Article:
Slow is a 3rd-level control and debuffing spell available on the Bard, Sorcerer, and Wizard spell lists.
In a battle against a group of goblins. A wizard casts Slow on the goblin chief, a fierce warrior known for its speed and agility.
Suddenly the chief’s movements grew sluggish as the spell began taking effect, and it staggered as it tried to approach the party.
The Player’s Handbook states the following:
- Slow 5e
- When Can Classes Pick Slow?
- Is Slow Good in 5e?
- Advantages – Slow
- Disadvantages – Slow
- Spells Similar To Slow 5e
- When or How Should I Use Slow?
- Frequently Asked Questions
- Final Thoughts
Casting Time: 1 Action
Range: 120 feet
Components: V, S, M (one drop of molasses)
Duration: Concentration, up to 1 minute
Within a 40-foot cube that is within range, you can change time around up to six of your chosen creatures. Each target must make a successful Wisdom saving throw to avoid being impacted by this spell for the duration.
Affected targets lose half their speed, suffer a -2 penalty to their AC and Dexterity saving throws, and cannot use reactions.
It can only perform one action or one bonus action during each turn. The creature can only make one melee or ranged attack per turn, regardless of its special traits or magic equipment.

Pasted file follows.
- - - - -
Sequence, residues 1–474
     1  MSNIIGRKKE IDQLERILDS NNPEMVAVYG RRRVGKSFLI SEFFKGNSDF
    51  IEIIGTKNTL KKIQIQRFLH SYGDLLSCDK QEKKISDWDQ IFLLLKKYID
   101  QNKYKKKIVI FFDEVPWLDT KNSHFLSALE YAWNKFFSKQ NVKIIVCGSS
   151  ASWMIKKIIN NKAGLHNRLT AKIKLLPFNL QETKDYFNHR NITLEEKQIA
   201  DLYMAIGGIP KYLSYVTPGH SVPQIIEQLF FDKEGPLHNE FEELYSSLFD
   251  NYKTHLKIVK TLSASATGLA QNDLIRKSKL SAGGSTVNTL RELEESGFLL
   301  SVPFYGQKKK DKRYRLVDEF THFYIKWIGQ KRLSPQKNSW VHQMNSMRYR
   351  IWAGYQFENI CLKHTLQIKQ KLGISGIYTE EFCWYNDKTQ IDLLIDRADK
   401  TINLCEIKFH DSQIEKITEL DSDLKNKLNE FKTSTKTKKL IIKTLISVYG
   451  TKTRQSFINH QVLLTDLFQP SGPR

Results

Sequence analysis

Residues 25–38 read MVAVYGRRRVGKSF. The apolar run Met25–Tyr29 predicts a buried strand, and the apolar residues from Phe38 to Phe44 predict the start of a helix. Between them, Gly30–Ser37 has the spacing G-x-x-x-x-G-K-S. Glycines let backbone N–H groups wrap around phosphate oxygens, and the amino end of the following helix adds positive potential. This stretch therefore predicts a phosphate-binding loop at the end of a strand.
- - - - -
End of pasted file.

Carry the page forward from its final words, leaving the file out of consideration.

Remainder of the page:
Roll a d20 to determine the outcome if the creature tries to cast a spell with a casting time of one action. On a roll of 11 or higher, the spell doesn’t start working until the creature’s subsequent turn, and it needs to be finished using that turn’s action. The spell is useless if it is unable to.
Note: At the end of every turn, a creature this spell has impacted must make another Wisdom saving roll. The effect is removed for it if the save is successful.
When Can Classes Pick Slow?
Traditional classes like the Bard, Sorcerer, and Wizard can freely unlock Slow.
All three classes can unlock and use Slow at level 5.
Subclasses like the Order Domain (Cleric) and the Circle of the Land – Arctic (Druid) can also freely unlock this spell.
Both subclasses can unlock this spell at level 5.
Is Slow Good in 5e?
Slow is rated highly by many D&D players. Its crowd control is a great tool for players facing many enemies.
Spellcasters focusing on control and utility will have a blast using this spell!
Advantages – Slow
The most effective detail Slow offers a party is its 40-foot cube placed in an area. Not only does it affect all enemies within the 40 feet, but they’ll all have to make saving rolls.
Note: It is also a good way to immobilize and negatively affect spellcasters.
Slow can be cast from a maximum range of 120 feet, meaning it doesn’t only have a large affected area; you can cast it from the safety of your backline.
Another benefit would be that it allows spellcasters to avoid any incoming damage that would cancel their Concentration. Most enemies wanting to use brute strength will have to break through the frontline before getting to you.
Note: Watch out for assassin types, as they love sneaking behind your defenses and quietly trying to take out spellcasters.